STEPHEN GALLACHER won’t be surprised if man of the moment Jordan Spieth joins him in the St Andrews winners’ club this weekend.
The Grand Slam-chasing American is the title favourite for the 144th Open starting on the Old Course tomorrow.
He’s won The Masters and US Open already this season and warmed up for his next major challenge by landing the John Deere Classic on Sunday.
His sparkling run of form has come after Spieth made Scottish fans sit up and take notice in last year’s Ryder Cup at Gleneagles.
He joined forces with Patrick Reed to hand out a first-day foursomes defeat to Gallacher and Ian Poulter.
And, though he eventually lost to Graeme McDowell, the young American also played some scintillating golf in the singles.
“Jordan was always a good player, but he’s moved up to a different level now,” said Gallacher of the 21-year-old Texan. “That’s five wins in total he’s had now since we played in the Ryder Cup at Gleneagles.
“He’s only been out here five minutes and done everything. He’s such a brilliant talent and is still so young. He’s a lovely guy and he’s the boy to beat at the moment.”
Spieth, pictured below, is trying to take a third step towards an unprecedented calendar Grand Slam on a course he’s only played once before.
That was in one of the practice rounds with his US team-mates ahead of the 2011 Walker Cup at Royal Aberdeen.
But Gallacher insisted the world No.2 – he’ll topple Rory McIlroy with a win this week – is more than capable of succeeding where Tiger Woods failed when he saw his Grand Slam bid hit the rails in this event at Muirfield in 2002 after winning the first two majors that year.
“Jordan went to Augusta and finished second on his first visit there then won it this year. He also went to Chambers Bay for the first time last month and won the US Open there, too,” he said.
“I think the way the course is playing might also work in his favour this week as it’s a bit generous than normal. It’s greener, but in amazing condition, too.”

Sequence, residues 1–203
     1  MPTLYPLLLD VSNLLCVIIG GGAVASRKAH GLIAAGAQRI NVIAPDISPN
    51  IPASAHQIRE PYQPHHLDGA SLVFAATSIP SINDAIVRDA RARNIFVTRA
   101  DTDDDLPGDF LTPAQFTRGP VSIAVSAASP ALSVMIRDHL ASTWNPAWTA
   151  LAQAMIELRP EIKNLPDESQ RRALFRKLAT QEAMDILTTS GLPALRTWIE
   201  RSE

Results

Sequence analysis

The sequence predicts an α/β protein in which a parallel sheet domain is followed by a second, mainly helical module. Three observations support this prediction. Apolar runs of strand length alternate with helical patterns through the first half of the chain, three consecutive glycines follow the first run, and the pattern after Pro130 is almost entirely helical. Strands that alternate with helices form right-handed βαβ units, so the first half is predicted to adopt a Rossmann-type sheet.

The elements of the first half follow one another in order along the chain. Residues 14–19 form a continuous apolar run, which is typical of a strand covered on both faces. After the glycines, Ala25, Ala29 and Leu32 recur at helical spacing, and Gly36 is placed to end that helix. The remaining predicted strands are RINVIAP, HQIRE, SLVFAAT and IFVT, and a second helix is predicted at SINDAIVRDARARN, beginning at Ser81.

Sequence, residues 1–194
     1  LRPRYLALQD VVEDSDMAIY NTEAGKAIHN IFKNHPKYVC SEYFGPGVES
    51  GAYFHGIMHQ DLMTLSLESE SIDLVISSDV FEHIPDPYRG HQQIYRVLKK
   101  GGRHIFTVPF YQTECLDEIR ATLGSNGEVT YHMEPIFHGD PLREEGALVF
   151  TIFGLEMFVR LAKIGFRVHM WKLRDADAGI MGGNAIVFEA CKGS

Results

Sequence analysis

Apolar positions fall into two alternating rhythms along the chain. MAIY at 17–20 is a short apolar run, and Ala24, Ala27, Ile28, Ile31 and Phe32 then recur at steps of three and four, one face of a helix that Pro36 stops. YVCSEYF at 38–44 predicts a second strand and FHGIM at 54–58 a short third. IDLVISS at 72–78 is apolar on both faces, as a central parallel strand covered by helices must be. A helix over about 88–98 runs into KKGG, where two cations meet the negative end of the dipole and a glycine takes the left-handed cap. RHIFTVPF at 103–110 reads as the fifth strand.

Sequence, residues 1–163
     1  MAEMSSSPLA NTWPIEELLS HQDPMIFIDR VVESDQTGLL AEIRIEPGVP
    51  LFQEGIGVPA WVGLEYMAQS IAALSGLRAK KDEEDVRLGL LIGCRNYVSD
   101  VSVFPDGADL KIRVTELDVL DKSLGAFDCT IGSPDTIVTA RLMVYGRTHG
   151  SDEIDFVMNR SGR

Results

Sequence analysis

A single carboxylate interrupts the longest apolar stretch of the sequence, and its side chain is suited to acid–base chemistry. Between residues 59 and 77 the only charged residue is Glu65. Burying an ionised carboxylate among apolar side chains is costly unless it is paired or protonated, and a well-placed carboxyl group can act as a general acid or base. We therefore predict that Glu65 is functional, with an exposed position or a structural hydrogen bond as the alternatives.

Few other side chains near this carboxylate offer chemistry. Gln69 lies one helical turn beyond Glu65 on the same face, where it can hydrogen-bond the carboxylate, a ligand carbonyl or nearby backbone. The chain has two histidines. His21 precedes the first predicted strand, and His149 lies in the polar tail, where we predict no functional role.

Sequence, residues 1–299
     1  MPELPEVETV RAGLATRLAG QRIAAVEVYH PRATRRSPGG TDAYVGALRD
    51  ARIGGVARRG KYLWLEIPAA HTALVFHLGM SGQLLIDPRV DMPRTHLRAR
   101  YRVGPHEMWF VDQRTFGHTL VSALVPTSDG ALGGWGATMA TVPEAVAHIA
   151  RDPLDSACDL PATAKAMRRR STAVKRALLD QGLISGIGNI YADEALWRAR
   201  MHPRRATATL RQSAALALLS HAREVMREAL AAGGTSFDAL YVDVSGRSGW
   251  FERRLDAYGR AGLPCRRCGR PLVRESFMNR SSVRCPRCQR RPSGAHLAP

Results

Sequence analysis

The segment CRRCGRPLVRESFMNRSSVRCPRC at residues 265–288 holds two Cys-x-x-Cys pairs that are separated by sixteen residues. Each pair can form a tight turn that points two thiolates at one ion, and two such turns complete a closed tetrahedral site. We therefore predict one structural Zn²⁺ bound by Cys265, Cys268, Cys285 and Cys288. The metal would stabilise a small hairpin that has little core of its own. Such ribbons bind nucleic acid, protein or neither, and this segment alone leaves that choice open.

Gallacher arrived at St Andrews sooner than he’d anticipated after missing the cut in the Scottish Open at Gullane.
That hurt on his home patch, but he’s hoping to bounce back on the course where he won the 2004 Dunhill Links – his first European Tour triumph.
“This is my fourth Open here and it is the best venue of the lot,” said the 40-year-old. “It is the home of golf and if you could pick one to win this would be it.
“Any time you come to St Andrews you get a good vibe, but knowing you can win here is definitely a good thing. That was obviously in a different situation, but if you can get into contention you can draw on past performances and experiences on certain golf courses.
“These things help. That’s why I’ve done so well in Dubai in recent years. I go there feeling so positive and it’s the same here.
“It was great for my first European Tour win here. You think about the people who’ve walked across the bridge as winners and it’s magic to be one of them.
“To miss the cut last week by a shot around a course I know well was bad. But I was able to get up here on Sunday and start looking forward to a good week here.
“I honestly feel my game is not far away at all. Sometimes you think this game can be really hard and other times it’s really easy. There’s no panic.
“I’ve gone through spells before when it was hard to score and it makes it more pleasing when you come through it.
“Everyone has dips in form. You try to put your finger on it but it’s not easy. This place is hopefully going to spark some form.”